The government has no authority to render associations either legitimate or illegitimate any more than it has this authority in regard to art and science. These matters are simply not within its competence as defined by a just constitution. Rather, given the principles of justice, the state must be understood as the association consisting of equal citizens. It does not concern itself with philosophical and religious doctrine but regulates individuals’ pursuit of their moral and spiritual interests in accordance with principles to which they themselves would agree in an initial situation of equality. By exercising its powers in this way the government acts as the citizens’ agent and satisfies the demands of their public conception of justice. Therefore the notion of the omnicompetent laicist state is also denied, since from the principles of justice it follows that government has neither the right nor the duty to do what it or a majority (or whatever) wants to do in questions of morals and religion. Its duty is limited to underwriting the conditions of equal moral and religious liberty.

And if Dr. Haidt is correct that our morals are our politics, we can also say we are protected in the holding and practice of political beliefs, and we are protected from having political beliefs imposed on us by the government or anyone else.

Aspects of both liberal and conservative ideologies demand obedience.  Mr. Krugman and the liberals demand our money to support their conception of social justice.  Mr. Rove and the conservatives demand our money to support the military-industrial complex.  Both demand our childrens money by funding their visions with debt.  Would Mr. Krugman and Mr. Rove give up obedience in favor of moral/political tolerance?

Thomas Jefferson would; from the Statute of Virginia for Religious Freedom

that to compel a man to furnish contributions of money for the propagation of opinions which he disbelieves is sinful and tyrannical


Changing the World

In this article we made the case for moral belief as a fundamental  human right.  Everyone has a right to their own beliefs, and to have all beliefs that don’t cause harm to others respected and tolerated.

Our political leaders encourage us to self identify as Democrats or Republicans, willingly binding ourselves to a collection of beliefs which we may not fully share, and blinding us to understanding of the other party.  We can find ourselves defending positions we don’t fully support against opponents we don’t fully understand.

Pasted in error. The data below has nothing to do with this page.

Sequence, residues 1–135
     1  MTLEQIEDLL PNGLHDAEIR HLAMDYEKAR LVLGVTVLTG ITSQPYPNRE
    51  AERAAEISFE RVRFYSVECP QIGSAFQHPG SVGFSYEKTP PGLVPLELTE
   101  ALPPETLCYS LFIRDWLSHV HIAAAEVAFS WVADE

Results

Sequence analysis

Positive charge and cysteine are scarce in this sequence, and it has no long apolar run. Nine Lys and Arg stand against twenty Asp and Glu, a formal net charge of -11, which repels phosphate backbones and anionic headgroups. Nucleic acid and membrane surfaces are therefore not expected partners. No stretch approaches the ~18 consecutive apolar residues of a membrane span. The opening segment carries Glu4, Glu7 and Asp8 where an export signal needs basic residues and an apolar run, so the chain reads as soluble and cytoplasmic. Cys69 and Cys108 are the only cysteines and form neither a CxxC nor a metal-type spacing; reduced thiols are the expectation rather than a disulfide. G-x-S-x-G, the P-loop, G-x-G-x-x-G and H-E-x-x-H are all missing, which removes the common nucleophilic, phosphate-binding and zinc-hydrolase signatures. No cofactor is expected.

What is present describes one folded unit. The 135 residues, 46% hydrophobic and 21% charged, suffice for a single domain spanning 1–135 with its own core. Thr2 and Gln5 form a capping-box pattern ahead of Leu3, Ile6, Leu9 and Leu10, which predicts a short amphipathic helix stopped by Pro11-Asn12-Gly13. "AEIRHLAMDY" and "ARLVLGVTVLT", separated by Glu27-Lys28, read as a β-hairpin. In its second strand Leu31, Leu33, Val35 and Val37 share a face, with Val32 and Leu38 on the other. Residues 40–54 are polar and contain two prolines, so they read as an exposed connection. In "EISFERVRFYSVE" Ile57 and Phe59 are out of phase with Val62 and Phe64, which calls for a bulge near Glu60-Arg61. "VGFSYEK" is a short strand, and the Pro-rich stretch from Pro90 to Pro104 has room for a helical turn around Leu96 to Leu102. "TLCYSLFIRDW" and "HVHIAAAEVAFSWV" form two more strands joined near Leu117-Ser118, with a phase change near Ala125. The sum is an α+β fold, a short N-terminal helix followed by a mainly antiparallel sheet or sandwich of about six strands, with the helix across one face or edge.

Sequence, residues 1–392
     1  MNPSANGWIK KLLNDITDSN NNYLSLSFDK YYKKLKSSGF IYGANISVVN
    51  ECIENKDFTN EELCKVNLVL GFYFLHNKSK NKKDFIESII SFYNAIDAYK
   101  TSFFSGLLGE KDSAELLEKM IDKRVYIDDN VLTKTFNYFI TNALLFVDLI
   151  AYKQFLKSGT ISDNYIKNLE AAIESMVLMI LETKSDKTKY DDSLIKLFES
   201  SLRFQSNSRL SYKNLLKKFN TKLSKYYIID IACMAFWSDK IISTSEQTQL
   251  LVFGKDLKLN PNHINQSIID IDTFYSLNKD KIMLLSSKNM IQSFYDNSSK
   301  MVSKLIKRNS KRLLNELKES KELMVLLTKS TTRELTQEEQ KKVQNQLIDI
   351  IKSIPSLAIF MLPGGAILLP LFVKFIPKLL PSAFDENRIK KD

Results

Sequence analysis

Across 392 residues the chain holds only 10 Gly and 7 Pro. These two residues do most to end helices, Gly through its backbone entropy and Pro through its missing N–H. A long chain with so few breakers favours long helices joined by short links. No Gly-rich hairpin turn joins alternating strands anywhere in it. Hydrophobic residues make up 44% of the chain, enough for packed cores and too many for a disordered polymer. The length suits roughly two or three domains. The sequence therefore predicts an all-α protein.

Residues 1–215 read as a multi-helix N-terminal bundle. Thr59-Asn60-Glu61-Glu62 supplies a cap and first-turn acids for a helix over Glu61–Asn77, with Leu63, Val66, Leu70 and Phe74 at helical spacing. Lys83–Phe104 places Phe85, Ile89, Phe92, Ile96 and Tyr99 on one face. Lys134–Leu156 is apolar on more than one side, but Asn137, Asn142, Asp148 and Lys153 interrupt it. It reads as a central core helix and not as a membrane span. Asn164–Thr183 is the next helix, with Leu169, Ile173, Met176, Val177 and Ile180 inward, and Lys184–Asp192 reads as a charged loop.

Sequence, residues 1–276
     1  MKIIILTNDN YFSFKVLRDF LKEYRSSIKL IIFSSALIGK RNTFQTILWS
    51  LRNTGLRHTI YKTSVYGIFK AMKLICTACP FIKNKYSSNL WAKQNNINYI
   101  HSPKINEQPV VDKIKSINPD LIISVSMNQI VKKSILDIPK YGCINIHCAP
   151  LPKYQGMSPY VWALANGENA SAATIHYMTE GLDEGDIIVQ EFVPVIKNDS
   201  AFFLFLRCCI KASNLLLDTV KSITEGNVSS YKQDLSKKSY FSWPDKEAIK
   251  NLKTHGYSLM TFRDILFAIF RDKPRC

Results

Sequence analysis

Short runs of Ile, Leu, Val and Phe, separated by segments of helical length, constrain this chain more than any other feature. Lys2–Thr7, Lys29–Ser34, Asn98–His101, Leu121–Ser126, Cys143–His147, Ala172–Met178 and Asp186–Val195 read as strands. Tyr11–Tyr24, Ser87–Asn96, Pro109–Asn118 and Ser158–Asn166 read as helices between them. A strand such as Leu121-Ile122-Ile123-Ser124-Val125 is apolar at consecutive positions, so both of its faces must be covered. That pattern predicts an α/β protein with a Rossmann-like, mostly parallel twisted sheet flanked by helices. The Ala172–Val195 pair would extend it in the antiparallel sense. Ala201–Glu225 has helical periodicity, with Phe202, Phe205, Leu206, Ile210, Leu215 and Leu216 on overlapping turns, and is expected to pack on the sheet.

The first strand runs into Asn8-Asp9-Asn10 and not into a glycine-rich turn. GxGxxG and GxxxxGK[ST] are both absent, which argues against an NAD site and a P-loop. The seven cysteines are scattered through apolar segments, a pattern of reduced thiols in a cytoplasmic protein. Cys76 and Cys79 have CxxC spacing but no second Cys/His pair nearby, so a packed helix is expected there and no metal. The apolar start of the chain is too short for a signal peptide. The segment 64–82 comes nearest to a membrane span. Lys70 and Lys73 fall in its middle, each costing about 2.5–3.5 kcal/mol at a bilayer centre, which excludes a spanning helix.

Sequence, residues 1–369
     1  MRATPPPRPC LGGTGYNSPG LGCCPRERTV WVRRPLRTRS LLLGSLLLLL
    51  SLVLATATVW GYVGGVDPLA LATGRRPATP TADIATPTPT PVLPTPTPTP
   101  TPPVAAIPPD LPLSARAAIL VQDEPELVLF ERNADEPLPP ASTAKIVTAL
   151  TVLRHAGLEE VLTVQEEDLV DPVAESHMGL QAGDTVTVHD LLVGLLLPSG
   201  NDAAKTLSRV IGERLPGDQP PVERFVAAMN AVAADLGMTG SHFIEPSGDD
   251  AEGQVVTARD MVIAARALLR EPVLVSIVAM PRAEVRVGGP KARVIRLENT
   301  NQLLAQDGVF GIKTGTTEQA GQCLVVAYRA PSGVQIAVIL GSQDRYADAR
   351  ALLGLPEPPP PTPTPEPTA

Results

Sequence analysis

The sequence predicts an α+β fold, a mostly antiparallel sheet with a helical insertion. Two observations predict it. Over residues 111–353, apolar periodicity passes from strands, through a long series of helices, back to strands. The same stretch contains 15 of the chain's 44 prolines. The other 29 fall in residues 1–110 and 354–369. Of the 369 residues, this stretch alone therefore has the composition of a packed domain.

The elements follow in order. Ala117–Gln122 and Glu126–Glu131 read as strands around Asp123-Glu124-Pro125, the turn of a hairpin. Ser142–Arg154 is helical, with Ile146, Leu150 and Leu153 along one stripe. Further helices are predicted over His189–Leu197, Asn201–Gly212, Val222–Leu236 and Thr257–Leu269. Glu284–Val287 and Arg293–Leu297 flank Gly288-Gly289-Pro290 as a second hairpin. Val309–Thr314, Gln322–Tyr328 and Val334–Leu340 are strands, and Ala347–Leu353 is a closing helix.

But we are increasingly rejecting the simplistic two party categorization and instead participating in many networks that support  our many interests.  These networks, often local, sometimes virtual, bring us in closer contact with other people who may share our passion for the subject, but approach it from a different perspective.   Cooperation overcomes our blindness and erects bridges built on toleration and understanding that are helping us find solutions.

In our next article we will take you on a tour of remarkable ideas and experiences in modern toleration. We think you will be amazed at both the research and practical experiences taking place throughout our country and the world.   A recent Rasmussen survey showed about a third of us already refuse to label ourselves as Republican or Democrat.  Contrary to what self serving politicians and the media encourage us to believe, our research suggests that the real conflict today is between an emerging post-partisan culture disgusted with and struggling to free itself from the confines of petty partisan politics.


Sign up here to be notified when Part II is posted.`You will recieve a link via email to confirm, please check your spam folder if you do not receive.




Anwar al-Awlaki, then and now


The Wall Street Journal provides a retrospective look at the extensive positive media coverage received by Anwar al-Awlaki, an American citizen recently killed by drone attack in Yemen.

In the early 2000′s, al-Awlaki was hailed as a moderte Muslim capable of bridging the cultural gap between Islam and the West.  Some excerpts…


New York Times:

…Mr. Al-Awlaki, who at 30 is held up as a new generation of Muslim leader capable of merging East and West: born in New Mexico to parents from Yemen, who studied Islam in Yemen and civil engineering at Colorado State University.


Baltimore Sun:

“Al-Awlaki bridges the two worlds as easily as he shifts from lecturing on the lives of the prophets to tapping phone numbers into his Palm Pilot [a now-antiquated electronic device],” reported the paper on October 28, 2001. “He and other Muslims say they support action against terrorist leader Osama bin Laden in retaliation for the Sept. 11 terrorist attacks[.]”



“Awlaki, whose mosque is one of the largest in the U.S., sees himself as a Muslim leader who could help build bridges between Islam and the West. [B]ut political scientist Telhami says these are difficult days for Muslim moderates”



Interesting background information on (reportedly) the first American citizen to be assassinated abroad.

Featuring Recent Posts WordPress Widget development by YD